So here comes Bill Hoffman in the Tampa Bay Times to explain "Why we still need standardized testing."
Hoffman moved on to the National School Foundation Association, "the industry's primary thought leader, convener, and advocate." By "industry" they apparently mean the "education foundation" industry. NSFA started a Education Foundation Leader Certification Program at National University, and Hoffman teaches a couple of courses part time for that. Also in 2011 he set up Bill Hoffman and Associates, LLC, a consulting firm, because of course he did. They offer "national level independent sector expertise" in "educational engagement strategies," among other organization things.
The Florida Philanthropic Network that Hoffman CEOs has an "education affinity group," which includes an assortment of Florida community foundations, plus, of course, the Gates foundation, Gulf Power Company, JPMorgan Chase, and Wells Fargo. Gates also funds the organization, along with the Helios Education Foundation, which is all about getting students ready for college in Arizona and Florida, and there's more to them and, as usual, we could just follow these strings all day. But let's get back to Bill Hoffman and his op-ed.
Hoffman opens by saying, yes, canceling the BS Test was the right call this year, and everybody deserves kudos for dealing with the pandemic mess this year, especially parents of young children.
But what he really wants to talk about is why we shouldn't dump testing entirely. Not all of his arguments are exactly cogent:
While in the current situation it is not appropriate to expect the same level of preparation or performance on year-end testing, that doesn’t diminish testing’s value. For those who say we did without testing in this situation so we don’t need to have tests in the future, I’d point to the fact that we are doing without a lot of societal “institutions” (such as going to restaurants, sporting events, concerts, parks, etc.). That doesn’t mean we should eliminate them in the future.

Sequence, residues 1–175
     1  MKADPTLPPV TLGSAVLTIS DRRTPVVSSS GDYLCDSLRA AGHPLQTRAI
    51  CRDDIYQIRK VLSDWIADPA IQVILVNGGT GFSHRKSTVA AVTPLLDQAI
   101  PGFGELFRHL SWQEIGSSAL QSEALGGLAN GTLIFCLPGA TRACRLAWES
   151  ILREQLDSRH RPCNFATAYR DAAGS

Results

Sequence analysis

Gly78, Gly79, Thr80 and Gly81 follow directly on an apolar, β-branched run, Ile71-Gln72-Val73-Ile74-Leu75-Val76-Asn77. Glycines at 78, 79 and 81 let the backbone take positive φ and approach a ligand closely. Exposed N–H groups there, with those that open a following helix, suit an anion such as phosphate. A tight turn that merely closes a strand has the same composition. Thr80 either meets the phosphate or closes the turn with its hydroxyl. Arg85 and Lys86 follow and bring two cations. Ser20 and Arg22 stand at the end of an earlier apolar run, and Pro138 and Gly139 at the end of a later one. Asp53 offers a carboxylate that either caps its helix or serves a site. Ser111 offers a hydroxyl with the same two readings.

First of all, the disruption of the year absolutely reduced the test's value-- reduced it all the way to zero, which is why it was canceled. Second, a bicycle, because a vest has no sleeves. Restaurants are going to open, so we should start testing again? A standardized test is just like a concert?
The education funders of the Florida Philanthropic Network have held as one of their key tenets (and areas of support) assuring that our students going through the Florida K-12 system are prepared to be successful in their post-secondary education and careers. There are many moving parts to make this happen: rigorous and challenging standards, excellent teaching, supportive administrators, engaged parents, and grade-appropriate curricular materials to name a few of the most critical. But even with all these pieces in place there is no assurance students are growing academically. How can you tell if you don’t measure it?
The thing is-- there's no evidence that the BS Tests measure any of this. There isn't an iota of evidence that raising your test score raises your prospects in life. And while I understand the desire for some concrete measure of how students are advancing, that's just not how humaning works. Do you want to know if a person is becoming more responsible? Do you want to know if your partner loves you more today than yesterday? You can create proxies for the things you want to measure, but you cannot directly measure what is going on in a human heart and mind. Your proxies will always be imperfect, and sometimes they will be wildly imperfect. A standardized reading and math test as a proxy for intellectual and personal growth is hopelessly, wildly, completely imperfect.